After several mostly gray days of cold, wind, rain and even snow flurries, Minnesotans stashed their scarves and basked in the sun Thursday, a perfect fall day that topped out in the low 70s.
But the glow won't last. After dubbing Thursday a "Top 10 Weather Day," the National Weather Service (NWS) in Chanhassen declared that snow could return this weekend.
"Seventies are not that crazy this time of the year, but it's going to be back to normal," said NWS meteorologist Chris O'Brien. Meaning, next week we will see more 50-degree days.
Thursday was a perfect start for the annual MEA weekend, when many Minnesota schools are closed so teachers can attend the annual Minnesota Educator Academy conference. The warmth lured many kids and families outside.
Patios and golf courses were packed with happy Minnesotans.
At Hiawatha Golf Club in south Minneapolis, 200 golfers were scheduled to play. Last Thursday, there were only six, said Dan Stoneburg, general manager.
"Today is ideal," he said.
On the other side of the metro, Highland National Golf Course in St. Paul was so busy that it had to turn people away.
In Wayzata, Angel Luna opened up the 6Smith Restaurant's patio for the first time in weeks.
"We usually close it the end of September and we've had rainy days, but today we opened it up … and it's busy," said Luna, one of the restaurant's partners.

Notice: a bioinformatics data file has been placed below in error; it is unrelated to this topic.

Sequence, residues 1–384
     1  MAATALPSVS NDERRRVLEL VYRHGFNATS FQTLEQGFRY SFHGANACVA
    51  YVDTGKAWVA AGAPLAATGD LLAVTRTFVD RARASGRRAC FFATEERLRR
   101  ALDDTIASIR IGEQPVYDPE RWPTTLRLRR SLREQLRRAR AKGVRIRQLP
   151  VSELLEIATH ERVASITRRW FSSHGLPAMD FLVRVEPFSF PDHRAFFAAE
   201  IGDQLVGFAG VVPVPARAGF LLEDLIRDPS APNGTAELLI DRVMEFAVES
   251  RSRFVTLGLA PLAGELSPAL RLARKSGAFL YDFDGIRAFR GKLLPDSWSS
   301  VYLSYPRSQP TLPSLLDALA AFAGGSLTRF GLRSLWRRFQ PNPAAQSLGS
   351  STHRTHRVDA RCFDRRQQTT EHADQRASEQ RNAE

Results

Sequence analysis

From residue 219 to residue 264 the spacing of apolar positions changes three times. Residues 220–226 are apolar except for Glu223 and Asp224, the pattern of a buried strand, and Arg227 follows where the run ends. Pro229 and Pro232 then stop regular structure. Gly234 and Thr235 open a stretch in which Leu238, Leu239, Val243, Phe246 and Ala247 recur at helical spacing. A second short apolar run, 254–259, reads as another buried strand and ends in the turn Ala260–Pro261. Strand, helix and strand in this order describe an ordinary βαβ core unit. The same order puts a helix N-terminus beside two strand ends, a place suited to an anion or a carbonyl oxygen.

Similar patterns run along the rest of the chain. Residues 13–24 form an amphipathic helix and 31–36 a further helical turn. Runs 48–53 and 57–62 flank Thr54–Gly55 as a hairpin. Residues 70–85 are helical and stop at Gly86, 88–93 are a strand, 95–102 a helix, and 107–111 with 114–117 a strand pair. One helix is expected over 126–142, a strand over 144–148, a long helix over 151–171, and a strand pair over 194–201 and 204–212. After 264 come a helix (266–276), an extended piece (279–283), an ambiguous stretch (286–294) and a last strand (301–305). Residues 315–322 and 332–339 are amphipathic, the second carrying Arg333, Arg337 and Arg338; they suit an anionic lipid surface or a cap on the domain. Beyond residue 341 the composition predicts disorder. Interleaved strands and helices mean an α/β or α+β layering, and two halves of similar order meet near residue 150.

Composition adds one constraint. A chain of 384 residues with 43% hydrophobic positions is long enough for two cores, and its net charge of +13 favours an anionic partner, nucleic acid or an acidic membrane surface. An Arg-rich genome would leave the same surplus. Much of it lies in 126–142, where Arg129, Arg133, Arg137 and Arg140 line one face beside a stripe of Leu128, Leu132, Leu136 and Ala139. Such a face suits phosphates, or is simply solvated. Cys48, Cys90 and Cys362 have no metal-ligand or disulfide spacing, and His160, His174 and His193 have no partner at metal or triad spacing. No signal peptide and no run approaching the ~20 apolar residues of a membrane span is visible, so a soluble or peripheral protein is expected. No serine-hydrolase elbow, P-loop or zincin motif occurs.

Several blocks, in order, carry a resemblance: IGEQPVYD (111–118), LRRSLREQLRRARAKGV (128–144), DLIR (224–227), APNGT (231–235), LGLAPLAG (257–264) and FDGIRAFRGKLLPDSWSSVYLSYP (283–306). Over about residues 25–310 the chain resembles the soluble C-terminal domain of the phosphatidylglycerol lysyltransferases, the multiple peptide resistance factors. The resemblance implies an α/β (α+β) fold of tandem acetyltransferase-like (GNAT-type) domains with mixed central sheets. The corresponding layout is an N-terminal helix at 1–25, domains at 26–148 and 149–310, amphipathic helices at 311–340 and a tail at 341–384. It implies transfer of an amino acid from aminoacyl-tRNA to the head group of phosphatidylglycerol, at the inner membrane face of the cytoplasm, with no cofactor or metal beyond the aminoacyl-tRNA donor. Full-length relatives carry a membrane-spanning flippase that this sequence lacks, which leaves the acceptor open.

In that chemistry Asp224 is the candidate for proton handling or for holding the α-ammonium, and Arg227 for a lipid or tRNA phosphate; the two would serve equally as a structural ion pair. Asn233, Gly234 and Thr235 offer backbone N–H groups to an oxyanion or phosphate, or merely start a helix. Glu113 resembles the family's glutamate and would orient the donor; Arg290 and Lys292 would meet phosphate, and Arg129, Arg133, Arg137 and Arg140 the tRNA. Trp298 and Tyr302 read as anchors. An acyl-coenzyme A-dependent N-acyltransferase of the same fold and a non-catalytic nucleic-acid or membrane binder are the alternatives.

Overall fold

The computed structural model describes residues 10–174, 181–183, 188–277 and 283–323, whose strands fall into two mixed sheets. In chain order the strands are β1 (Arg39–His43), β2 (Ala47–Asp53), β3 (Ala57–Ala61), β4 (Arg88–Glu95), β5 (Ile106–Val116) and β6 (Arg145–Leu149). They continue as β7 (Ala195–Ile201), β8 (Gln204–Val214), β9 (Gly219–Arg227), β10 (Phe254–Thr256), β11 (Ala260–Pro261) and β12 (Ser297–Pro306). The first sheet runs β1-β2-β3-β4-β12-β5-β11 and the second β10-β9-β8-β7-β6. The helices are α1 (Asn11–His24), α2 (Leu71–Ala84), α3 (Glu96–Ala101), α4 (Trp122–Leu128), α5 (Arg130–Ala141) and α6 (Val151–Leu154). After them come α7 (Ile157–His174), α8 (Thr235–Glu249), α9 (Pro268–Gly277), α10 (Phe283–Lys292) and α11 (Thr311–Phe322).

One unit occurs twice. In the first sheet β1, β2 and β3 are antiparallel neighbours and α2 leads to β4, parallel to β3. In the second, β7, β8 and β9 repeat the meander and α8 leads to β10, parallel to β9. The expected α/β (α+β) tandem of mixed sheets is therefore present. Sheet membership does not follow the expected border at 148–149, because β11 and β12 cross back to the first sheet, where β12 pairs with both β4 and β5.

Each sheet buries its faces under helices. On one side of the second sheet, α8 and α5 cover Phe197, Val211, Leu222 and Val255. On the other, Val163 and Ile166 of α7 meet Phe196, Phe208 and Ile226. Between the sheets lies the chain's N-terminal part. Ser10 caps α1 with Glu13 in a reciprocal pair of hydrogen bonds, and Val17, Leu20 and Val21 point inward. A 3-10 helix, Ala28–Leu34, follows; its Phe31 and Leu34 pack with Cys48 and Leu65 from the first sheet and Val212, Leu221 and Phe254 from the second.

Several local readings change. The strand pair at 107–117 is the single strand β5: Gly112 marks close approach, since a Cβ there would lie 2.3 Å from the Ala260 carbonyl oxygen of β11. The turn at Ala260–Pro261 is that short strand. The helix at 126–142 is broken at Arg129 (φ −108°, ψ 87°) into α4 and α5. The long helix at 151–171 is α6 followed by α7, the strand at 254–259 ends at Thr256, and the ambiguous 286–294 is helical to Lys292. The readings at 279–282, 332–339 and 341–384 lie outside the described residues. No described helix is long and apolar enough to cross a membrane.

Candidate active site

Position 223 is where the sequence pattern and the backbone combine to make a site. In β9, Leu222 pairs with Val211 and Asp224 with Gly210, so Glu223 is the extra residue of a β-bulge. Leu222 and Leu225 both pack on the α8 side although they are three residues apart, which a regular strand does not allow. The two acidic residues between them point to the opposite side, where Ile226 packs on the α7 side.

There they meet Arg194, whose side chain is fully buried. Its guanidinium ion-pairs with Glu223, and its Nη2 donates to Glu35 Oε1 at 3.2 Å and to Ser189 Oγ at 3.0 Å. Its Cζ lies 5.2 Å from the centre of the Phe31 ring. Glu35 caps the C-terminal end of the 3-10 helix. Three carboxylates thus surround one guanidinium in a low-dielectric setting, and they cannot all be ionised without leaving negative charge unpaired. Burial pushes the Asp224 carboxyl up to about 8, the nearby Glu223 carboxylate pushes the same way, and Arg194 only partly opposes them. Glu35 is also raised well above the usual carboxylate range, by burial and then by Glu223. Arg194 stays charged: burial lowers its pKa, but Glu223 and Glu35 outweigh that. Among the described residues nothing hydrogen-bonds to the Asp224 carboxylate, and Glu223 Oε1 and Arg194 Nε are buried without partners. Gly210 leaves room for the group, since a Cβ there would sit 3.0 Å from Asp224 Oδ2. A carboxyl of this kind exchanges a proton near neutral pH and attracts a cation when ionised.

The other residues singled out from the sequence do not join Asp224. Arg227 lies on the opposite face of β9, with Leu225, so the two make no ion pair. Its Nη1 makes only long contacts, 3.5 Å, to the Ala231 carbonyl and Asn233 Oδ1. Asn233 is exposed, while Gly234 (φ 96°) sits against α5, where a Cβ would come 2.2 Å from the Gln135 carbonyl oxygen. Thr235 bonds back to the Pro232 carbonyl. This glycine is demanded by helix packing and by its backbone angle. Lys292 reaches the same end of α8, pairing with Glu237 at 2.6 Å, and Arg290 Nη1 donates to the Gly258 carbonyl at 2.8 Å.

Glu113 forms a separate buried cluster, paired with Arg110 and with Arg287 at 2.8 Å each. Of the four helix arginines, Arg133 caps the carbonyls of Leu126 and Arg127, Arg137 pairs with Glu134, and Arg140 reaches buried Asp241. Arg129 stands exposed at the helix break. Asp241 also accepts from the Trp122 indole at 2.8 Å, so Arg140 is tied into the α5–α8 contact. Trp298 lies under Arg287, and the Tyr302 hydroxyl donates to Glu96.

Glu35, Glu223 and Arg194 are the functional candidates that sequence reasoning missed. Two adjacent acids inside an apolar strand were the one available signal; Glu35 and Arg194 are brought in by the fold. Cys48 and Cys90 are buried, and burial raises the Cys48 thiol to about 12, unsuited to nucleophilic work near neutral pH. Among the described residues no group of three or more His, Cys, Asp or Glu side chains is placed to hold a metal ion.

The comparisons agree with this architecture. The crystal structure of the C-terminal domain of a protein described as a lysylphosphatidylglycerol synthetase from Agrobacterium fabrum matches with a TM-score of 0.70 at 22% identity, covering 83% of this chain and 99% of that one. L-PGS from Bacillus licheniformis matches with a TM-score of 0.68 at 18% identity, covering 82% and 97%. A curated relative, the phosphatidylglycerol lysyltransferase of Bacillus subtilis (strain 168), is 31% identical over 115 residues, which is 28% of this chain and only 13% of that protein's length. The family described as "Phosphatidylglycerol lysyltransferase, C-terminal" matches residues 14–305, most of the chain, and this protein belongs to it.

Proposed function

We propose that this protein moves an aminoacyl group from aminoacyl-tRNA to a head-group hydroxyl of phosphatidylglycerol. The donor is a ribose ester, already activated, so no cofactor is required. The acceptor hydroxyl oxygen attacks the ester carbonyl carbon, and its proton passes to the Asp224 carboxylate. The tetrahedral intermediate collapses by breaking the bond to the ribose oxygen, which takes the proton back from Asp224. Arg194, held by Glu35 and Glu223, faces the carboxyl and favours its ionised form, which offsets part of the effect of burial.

A little rain is expected before daybreak on Friday, O'Brien said. It will be cloudy for awhile, then clear up through the day as temperatures reach the low 60s.
Drizzle that arrives after midnight Friday could turn into snow overnight and early Saturday, especially north of Interstate 94 toward Wisconsin.
"But it's a small chance," O'Brien added.
And if it happens, it will be a dusting of less than a half-inch — similar to what we received last Sunday.
Next week looks better. The Weather Service predicts it will be largely sunny early, but also cool — in the low 50s.
U.S. meteorologists on Thursday said that winter is expected to be warmer than normal in this part of the country thanks to a weak El Niño effect. That phenomenon, the natural warming of parts of the central Pacific Ocean, typically in late December, influences weather worldwide.
Mike Halpert, deputy director of the government's Climate Prediction Center, said this year could look similar to the past few winters.
"The country as a whole has been quite mild since 2014-2015," he said.
The greatest chance for warmer-than-normal winter weather is in Alaska, the Pacific Northwest, Montana, northern Wyoming and western North Dakota.
"But it's not like it's 100 percent warmer weather," said O'Brien, the NWS Chanhassen meteorologist. "There's still going to be cold spells and snowstorms, but on average, at the end of winter it will be warmer than normal."